Lie on F16s exposed, under-pressure Pakistan decides to release captured IAF pilot

India's firm resolve not to have a deal for Wing Commander Abhinandan Varthaman and a warning that he be returned immediately forced Imran Khan on the backfoot. The Indian Armed Forces then issued a stern warning against any misadventures.

New Delhi: Thursday was not a good day in office for Pakistan Prime Minister Imran Khan. A day after feigning bravado at Pakistan Air Force jets violating Indian air space, he was hit on Thursday by India's stern warning to return the captured IAF pilot - Wing Commander Abhinandan Varthaman. With it being clarified that India won't negotiate or make deals for his return, Imran announced by the afternoon that Abhinandan would be released on Friday as a 'goodwill gesture.'

The 'goodwill gesture' from Pakistan came largely due to the position India took through the day to bring its pilot back home - immediately and safely. Sources had said that India had made it clear that no deals would be made with Pakistan over the issue of Abhinandan's return. That Pakistan had violated Geneva Convention by displaying vulgar images of the injured IAF personnel was highlighted as well. The world community was mobilised with the Ministry of External Affairs briefing a number of foreign diplomats on the situation.

Abhinandan would now come back home through the Wagah border even as India remains on high alert due to other developments in the day.

Pakistan Air Force, earlier on Thursday, attempted to violate Indian airspace once again but was thwarted back - once again - by alert IAF jets. The attempted incursion happened in J&K's Krishna Ghati sector. When that did not work, Pakistani ground forces resorted to mortar shelling in Nowshera sector. The Indian forces retaliated with equal measure to what is fast becoming a self-destructive habit of forces across the Line of Control (LoC).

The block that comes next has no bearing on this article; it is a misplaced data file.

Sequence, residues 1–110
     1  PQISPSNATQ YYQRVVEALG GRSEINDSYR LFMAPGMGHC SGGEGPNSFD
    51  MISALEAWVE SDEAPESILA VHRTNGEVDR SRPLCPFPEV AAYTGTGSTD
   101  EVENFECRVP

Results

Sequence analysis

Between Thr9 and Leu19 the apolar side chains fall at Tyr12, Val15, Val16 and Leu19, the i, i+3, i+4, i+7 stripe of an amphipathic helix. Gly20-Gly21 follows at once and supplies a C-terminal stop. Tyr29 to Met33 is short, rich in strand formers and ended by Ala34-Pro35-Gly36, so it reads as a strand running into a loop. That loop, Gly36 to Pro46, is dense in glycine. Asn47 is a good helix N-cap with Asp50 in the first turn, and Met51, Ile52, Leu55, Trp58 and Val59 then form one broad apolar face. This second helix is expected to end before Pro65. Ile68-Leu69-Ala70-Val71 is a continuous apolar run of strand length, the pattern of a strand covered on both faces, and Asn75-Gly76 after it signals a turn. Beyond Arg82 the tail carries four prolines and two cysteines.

It is this habit of challenging India that was addressed by representatives of Indian Army, Air Force and Navy in an evening joint briefing in which many of Pakistan's claims from a day earlier were also busted. Warning Pakistan to not attempt misadventures against India, the armed forces' representatives said high alert remains and any aggression or transgression would be dealt with with a heavy hand.

(Also read: Full statements from IAF, Indian Army and Indian Navy)

Indian Air Force's Air Vice Marshal Ravi Kapoor then said that F16s were indeed used when Pakistan Air Force violated Indian airspace on Wednesday. Busting Pakistan's claim that no F16 was mobilised, a portion of an AMRAAM air-to-air missile was also shown as proof. Of all the fighter jets with PAF, AMRAAM missiles can only be used by F16s. Air Vice Marshal Kapoor also said that PAF had targeted military installations in India but was thwarted by Indian Air Force jets. This also busts Imran Khan's claim that the objective of Wednesday's airspace violation over India was to show PAF's capability and that it had no intentions of hitting civilian or military targets.

India has now, once again, made it clear that there is no change in the message to Pakistan regarding acting against terrorism and terrorist organisation. Imran Khan, who has harped on the need for peace and dialogue, now has to walk the talk and act against terrorism emanating from Pakistani - a demand that has been coming in from across the world.

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